What is Corporate Social Responsibility?
Corporate social responsibility (CSR) is a business model that helps companies be accountable and conscious of the environmental, economic or social impacts of their operations.1,2 However, a company cannot benefit society without nurturing itself first, starting with the well-being of its employees. The unexpected truth of the matter is that developing a culture of care within companies is often missed in its conversation.
Ivan Padilla, a Business Administration Diploma instructor at ABM College, says that “CSR should be embedded into the cells of that culture.” He adds that when ethical behaviour is fostered within the company, through its employees first, that culture can influence suppliers, vendors, customers, and will manifest externally to the general public.
We are All Part of Corporate Social Responsibility
“Social responsibility itself looks for the greater good,” says Padilla. ”Individuals are not exempt from those characteristics or responsibilities.”
Whether we are conscious about it or not, everyone takes part in the mechanism that is corporate social responsibility. In a company, for example, employees work to benefit their coworkers, supervisors, clients or customers, Padilla explains.
“We are all immersed into that system of CSR, one way or the other,” he says, adding that it is up to individuals to discover how conscious they would like to be on the impacts of their actions.
“We are all contributing to society somehow, positively or negatively.”
Corporate Citizenship in the Era of Social Media
Today, companies practicing corporate social responsibility develop their business strategies to target the younger generation, who value organizations that aim to positively impact society. With Millennials and Generation Z being active in the online environment, marketing CSR through social media has become essential for many businesses.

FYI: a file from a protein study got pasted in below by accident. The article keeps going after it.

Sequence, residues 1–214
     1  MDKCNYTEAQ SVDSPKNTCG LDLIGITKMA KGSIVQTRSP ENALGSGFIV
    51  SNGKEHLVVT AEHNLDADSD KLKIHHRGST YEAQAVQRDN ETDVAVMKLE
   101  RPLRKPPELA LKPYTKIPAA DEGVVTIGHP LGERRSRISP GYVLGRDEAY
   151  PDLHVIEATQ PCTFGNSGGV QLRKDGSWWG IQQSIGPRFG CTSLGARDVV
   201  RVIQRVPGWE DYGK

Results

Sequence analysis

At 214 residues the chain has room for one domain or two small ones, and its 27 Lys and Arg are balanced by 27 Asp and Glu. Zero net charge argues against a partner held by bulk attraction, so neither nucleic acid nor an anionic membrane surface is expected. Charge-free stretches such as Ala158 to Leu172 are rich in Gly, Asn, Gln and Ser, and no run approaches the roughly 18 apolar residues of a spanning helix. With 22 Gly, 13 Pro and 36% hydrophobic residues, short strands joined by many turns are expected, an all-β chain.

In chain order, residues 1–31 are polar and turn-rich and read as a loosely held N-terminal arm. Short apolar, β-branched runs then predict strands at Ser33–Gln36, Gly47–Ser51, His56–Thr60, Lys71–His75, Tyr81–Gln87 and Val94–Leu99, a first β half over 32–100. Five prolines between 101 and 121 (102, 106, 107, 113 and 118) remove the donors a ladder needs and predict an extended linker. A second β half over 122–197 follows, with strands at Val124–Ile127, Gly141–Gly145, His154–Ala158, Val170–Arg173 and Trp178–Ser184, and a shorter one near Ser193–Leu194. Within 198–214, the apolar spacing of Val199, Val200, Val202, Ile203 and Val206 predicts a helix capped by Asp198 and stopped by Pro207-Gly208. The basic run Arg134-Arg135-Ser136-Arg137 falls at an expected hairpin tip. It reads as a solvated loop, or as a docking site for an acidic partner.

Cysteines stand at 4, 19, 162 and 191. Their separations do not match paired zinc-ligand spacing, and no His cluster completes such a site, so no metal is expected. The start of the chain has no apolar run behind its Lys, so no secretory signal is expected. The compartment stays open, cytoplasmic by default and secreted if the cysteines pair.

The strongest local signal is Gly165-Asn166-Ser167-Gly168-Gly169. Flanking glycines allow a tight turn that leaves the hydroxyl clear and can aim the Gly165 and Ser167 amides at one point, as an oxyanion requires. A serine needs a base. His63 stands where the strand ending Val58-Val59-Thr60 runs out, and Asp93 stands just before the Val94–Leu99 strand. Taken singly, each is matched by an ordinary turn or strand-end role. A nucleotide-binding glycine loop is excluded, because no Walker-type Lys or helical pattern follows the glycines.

So, how does a company use social media for its own benefit and the benefit of others? There are many CSR initiatives companies can take to enhance the quality of the world we live in, but companies cannot pursue every single route to betterment. Instead, they can start by mimicking their own values and beliefs into their CSR strategy, says Padilla.
For example, if the founders of a company believe it is important to champion mental health initiatives, they can start by taking steps to support the mental health of employees and branch out to the public domain. If environmental sustainability is important to a company, then that should be reflected not only in the company’s operations but also in the practices they implement within their office spaces.
Social media is all about influencing customers to make the right decisions and turning a company and its employees into agents of change.3 When founders, managers and employees share a strong culture around corporate social responsibility, it will be easy to share that culture with the rest of the world through written content, photos or videos because employees have a good understanding of what it means to take action.
Why is Corporate Social Responsibility Important?
Corporate social responsibility is important not only for the obvious reason that it aims to enhance the greater good, but also because it informs the relevance of our work.
“I believe that embedded within us is the willingness to help out,” says Padilla. “We all have a moral compass that is ticking all the time, helping us make decisions every single day.”
By raising awareness that CSR exists, “it doesn’t matter what the individual chooses to do.”
Whether you are opening a business or entering the labour force, you are already capable of affecting change through your actions. It can be as simple as practicing and implementing a culture of care within your company or strategizing ways to share that culture with the rest of society.
“We are all drops in the same ocean,” says Padilla. “If we create enough movement, we can generate the tide.”
ABM College continues to educate students on CSR through our courses on organizational behaviour and human resources. View full details on the Business Administration Diploma program today for additional information.